• Queen Mary, Oh how cool! I was racking my brain and searched through all my patches but couldn’t find the auto care one. AND Oh my goodness, I just had a total mom reaction to the “risky activity!” Thanks so much for sharing your story.

  6. How awesome! My dad taught me pretty much the same things your dad taught you… there were no “female limitations”, etc. I worked on my car, also, and do all of my own home projects but know I can ask him when I need advice. His mantra is also “You can do anything you want to do, you just have to want to do it.” He comes to my house to borrow my tools and even asked my advice on a project last week – I’m still surprised but proud!

    Have a great day!

  7. I love this post! My dad was the opposite of yours, but in a very loving way. I was the pampered little girl who shouldn’t climb trees or mow the grass. But now he’s proud of me when I help him figure out things like using a hairdryer to soften caulk so it can be removed!

  8. What a sweet story!! You are so lucky to have a wonderful dad. I love the newborn picture – so sweet!

  9. What a beautiful tribute! My dad was a contractor and I remember when he brought me to ‘bring your daughter to work day’ and I learned how to use a slam hammer … so much fun and empowering. :)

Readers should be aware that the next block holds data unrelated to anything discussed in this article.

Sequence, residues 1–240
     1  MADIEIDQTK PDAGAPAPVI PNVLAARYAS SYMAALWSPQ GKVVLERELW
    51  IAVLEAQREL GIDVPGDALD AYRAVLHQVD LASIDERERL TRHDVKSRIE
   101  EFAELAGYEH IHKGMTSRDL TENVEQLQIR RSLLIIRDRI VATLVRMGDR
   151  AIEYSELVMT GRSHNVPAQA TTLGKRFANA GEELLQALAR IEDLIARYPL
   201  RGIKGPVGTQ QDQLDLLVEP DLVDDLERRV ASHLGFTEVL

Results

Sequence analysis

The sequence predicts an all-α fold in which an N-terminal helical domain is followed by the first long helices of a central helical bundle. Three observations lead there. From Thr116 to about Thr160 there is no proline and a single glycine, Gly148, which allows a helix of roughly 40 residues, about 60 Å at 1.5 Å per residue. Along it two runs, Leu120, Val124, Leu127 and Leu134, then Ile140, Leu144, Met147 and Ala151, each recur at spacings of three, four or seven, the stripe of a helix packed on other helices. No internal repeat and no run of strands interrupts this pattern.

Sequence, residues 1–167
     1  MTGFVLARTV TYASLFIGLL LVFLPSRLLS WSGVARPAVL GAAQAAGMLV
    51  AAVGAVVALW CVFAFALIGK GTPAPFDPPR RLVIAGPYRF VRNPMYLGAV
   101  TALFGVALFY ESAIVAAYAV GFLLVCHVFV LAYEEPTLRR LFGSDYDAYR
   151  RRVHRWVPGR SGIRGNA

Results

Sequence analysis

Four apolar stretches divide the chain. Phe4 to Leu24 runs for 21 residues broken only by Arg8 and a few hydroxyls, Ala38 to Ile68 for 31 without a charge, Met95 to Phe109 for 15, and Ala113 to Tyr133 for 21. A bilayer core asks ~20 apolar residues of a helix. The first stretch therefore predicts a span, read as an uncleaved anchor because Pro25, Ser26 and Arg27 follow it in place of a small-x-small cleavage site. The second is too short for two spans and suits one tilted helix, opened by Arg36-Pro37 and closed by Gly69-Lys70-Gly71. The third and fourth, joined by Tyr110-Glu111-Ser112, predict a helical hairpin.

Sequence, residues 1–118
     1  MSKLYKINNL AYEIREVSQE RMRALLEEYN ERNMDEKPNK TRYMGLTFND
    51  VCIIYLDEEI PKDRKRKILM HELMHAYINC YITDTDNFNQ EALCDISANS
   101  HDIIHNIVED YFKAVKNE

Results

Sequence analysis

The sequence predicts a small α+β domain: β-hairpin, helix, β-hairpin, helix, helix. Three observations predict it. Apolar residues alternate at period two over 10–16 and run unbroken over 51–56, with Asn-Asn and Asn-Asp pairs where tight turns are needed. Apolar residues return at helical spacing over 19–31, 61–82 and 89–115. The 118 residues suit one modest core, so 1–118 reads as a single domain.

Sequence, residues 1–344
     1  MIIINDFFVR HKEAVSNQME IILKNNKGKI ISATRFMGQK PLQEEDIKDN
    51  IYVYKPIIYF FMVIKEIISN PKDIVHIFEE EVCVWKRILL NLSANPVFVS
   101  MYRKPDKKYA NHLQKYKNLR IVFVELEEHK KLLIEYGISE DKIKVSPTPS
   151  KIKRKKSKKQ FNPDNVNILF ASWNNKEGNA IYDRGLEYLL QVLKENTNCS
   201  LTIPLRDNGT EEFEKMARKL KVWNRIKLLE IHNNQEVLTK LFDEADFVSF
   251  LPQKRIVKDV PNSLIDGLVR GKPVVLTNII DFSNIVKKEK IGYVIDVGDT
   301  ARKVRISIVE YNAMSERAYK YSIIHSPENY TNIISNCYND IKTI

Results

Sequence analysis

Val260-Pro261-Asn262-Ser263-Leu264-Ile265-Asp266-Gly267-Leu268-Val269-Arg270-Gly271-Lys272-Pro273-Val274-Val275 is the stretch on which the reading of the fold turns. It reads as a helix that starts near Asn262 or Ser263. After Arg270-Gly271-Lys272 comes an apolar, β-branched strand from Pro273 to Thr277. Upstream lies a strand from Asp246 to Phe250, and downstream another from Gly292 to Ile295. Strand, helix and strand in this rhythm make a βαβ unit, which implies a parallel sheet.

10. I didn’t get to meet my dad until I was 14 months old…I was a “war baby” and dad was overseas when I was born. I’ve always said that “I’m the only son my father ever had” as there were just my sister and I. I followed dad everywhere and was always his “right hand man” when he was doing anything. He taught me how to use tools and the habit that “you always put them back where they belong when you’re done.” I spent a lot of time in his workshop making doll beds, chairs, and all sorts of stuff. The neighbors always marveled that he’d let a “little girl” use his tools when he wasn’t there to supervise. Dad would just smile and say “She knows how to use them and how to be careful with them.” I was also his hunting buddy and learned how to hunt and shoot at an early age. I always remember my 14th birthday present.. While most girls that age were getting makeup and “girly stuff”, dad got me a 22 caliber rifle…. and I thought I was “queen of the world”!!!
    The first weekend after I bought a car was spent learning how to check fluids, change the oil and rotate the tires. Dad was a firm believer that “if you can’t take care of it, you shouldn’t have it.”
    We lost him to cancer 33 years ago, but I always feel that he isn’t far away when I’m out in our workshop helping hubby or making something myself. He’d always say, “If you’re going to do something, do it right the first time and then you won’t have to go back and fix it later.” Love you dad!!!!